5. In addition to listing platforms that are using AI-generated images of the actor, the suit also alleged that an entity has designed an Al platform by the name ‘KamotoAl’ which “enables users to create, train and monetise bespoke Al personalities”. It alleged that the platform hosts an unlicensed chatbot of Shroff, consisting an AI avatar of the actor.

    “Until there is regulation or law on the use and limitations of technology [generative AI, specifically], any unlawful appropriation of one’s IP needs to be eschewed under the tort of unfair competition and misappropriation for which there is abundance of precedent,” the plea noted in context of generative AI tools.

    6. It stated that unchecked use of these technologies lead to a confusion among the public making them wonder whether the actor has really endorsed/sponsored a product, may tarnish his reputation, and dilute the distinctiveness of the actor’s personality.

    7. The lawsuit noted that the “unauthorized dissemination” of illegal and infringing content not only undermines the actor’s rights, but also causes “grave economic and personal harm”.

    8. Stating that mere blocking of the rogue websites in question or social media profiles would be insufficient to protect the actor’s interest, the plea has also sought to implead “mirror/redirect/alphanumeric variations of the websites / social media profiles” in addition to those identified.

    Delhi HC’s order in Anil Kapoor’s case:

    In September 2023, the Delhi HC had passed an interim order prohibiting unauthorised use of actor Anil Kapoor’s name, voice, image, and other personality traits for commercial gains by various entities, including e-commerce companies, social media platforms, and the public at large. Interestingly, in view of the actor’s “personality rights”, Justice Pratibha M Singh also restrained the use of artificial intelligence (AI) tools for manipulating his pictures and using them for creating digital content like GIFs illegally for monetary gains.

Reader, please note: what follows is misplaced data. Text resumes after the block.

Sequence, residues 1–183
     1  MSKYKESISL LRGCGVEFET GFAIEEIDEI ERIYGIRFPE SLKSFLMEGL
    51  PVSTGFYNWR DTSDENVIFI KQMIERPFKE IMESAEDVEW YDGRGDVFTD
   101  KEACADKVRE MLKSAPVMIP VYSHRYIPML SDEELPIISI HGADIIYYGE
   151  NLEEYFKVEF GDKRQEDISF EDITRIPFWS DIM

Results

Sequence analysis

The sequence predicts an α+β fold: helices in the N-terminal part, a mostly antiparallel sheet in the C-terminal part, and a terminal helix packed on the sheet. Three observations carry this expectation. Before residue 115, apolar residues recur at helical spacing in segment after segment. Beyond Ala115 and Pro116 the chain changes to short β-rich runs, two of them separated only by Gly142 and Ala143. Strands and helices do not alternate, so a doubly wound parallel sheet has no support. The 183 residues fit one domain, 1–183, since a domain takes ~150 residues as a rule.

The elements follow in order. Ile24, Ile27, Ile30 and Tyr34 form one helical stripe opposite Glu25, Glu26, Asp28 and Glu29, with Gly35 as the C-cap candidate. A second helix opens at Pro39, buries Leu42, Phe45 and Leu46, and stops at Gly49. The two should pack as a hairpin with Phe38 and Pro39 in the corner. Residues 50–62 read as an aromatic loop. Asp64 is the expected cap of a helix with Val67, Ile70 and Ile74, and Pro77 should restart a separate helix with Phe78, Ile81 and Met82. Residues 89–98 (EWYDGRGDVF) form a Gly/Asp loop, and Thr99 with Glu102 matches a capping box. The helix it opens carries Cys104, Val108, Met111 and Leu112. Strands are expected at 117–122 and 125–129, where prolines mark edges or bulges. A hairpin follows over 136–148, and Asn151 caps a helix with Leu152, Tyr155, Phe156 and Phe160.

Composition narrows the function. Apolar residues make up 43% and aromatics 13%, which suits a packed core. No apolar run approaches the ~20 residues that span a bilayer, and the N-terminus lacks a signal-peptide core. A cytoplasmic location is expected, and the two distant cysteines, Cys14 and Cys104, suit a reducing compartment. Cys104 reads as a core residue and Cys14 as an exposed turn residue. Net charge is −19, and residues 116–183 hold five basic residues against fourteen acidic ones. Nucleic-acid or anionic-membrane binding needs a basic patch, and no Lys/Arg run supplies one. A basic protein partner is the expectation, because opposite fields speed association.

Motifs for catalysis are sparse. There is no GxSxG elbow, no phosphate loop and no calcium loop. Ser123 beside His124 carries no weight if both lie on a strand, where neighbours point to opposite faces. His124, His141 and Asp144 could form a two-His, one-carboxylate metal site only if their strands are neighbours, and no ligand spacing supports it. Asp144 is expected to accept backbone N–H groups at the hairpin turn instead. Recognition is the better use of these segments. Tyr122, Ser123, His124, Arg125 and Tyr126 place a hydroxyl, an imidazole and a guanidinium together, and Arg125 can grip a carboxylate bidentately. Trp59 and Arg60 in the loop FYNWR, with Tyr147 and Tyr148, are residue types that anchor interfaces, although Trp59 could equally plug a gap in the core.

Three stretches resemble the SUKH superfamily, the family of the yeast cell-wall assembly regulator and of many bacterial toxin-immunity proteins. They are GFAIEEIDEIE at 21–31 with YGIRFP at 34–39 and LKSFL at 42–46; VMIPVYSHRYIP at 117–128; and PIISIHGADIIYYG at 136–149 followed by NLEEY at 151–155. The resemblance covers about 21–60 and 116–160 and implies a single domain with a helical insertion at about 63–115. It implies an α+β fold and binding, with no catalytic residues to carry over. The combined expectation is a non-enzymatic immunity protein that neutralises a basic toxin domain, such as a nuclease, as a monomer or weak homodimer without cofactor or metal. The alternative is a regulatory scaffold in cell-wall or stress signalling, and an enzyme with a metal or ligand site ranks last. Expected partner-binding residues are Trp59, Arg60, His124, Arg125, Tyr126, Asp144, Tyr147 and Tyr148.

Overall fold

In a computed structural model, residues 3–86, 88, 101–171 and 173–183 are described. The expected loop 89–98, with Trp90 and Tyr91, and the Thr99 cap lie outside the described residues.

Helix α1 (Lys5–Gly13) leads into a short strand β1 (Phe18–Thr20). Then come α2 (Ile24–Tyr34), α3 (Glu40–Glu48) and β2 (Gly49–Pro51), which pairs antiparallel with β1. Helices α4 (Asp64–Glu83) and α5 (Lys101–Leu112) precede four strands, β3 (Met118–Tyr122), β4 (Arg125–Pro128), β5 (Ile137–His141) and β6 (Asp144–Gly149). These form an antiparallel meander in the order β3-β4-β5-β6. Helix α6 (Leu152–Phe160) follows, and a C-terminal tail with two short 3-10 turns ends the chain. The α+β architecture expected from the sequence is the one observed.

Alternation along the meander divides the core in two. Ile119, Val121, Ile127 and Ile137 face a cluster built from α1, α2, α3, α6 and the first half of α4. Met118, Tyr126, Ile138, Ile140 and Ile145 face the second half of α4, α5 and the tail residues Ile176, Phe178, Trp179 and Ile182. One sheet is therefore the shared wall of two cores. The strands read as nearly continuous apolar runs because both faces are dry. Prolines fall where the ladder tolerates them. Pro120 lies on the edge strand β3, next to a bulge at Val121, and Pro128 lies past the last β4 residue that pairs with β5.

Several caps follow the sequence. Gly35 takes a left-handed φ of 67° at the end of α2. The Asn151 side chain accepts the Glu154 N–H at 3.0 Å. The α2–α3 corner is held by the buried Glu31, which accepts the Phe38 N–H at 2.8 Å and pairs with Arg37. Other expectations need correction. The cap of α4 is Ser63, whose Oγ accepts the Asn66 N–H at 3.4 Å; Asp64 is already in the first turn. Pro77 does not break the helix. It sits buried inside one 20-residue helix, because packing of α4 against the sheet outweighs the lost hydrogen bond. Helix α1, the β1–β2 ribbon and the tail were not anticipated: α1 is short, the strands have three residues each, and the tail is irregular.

In addition to restricting the defendants from using the actor’s name, voice, image etc for commercial gains, the Court had also directed immediate blocking and suspension of the domain names involved in such actions, and that such links must be taken down by the internet service providers.

    The Court stated that while free speech rights in relation to satire, criticism and writings is protected, when the same “crosses the line” tarnishing or jeopardising an individual’s personality and “elements associated with the individual”, the same expression would be considered illegal.

    Why it matters:

    The arguments made by the Delhi HC in Anil Kapoor’s case shed light on the judiciary’s approach to cases involving content created using AI and their rising presence on the internet. More importantly, a series of personality rights cases raise a pertinent question: where does the line between legitimate use and copyright infringement blur? Can one pick a phrase of an actor’s dialogue for satire, or mimicry on social media without attracting legal troubles? Will usage of every dialogue or information relating to the actor’s personality anywhere on in the internet will then require authorisation from the actor? In November 2022, the Delhi HC had passed a similar order restricting the use of Amitabh Bachchan’s name, image, voice or any other characteristics” without his consent. The scope of such orders go beyond the entities in question, raising ambiguities about different aspects of celebrity rights in relation to their personality traits and works, especially in an AI age.

    Also Read:

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    The post Actor Jackie Shroff Petitions Delhi HC Against Misuse of Personality Traits Through Memes, GIFs, and AI: Here’s What the Suit Says appeared first on MEDIANAMA.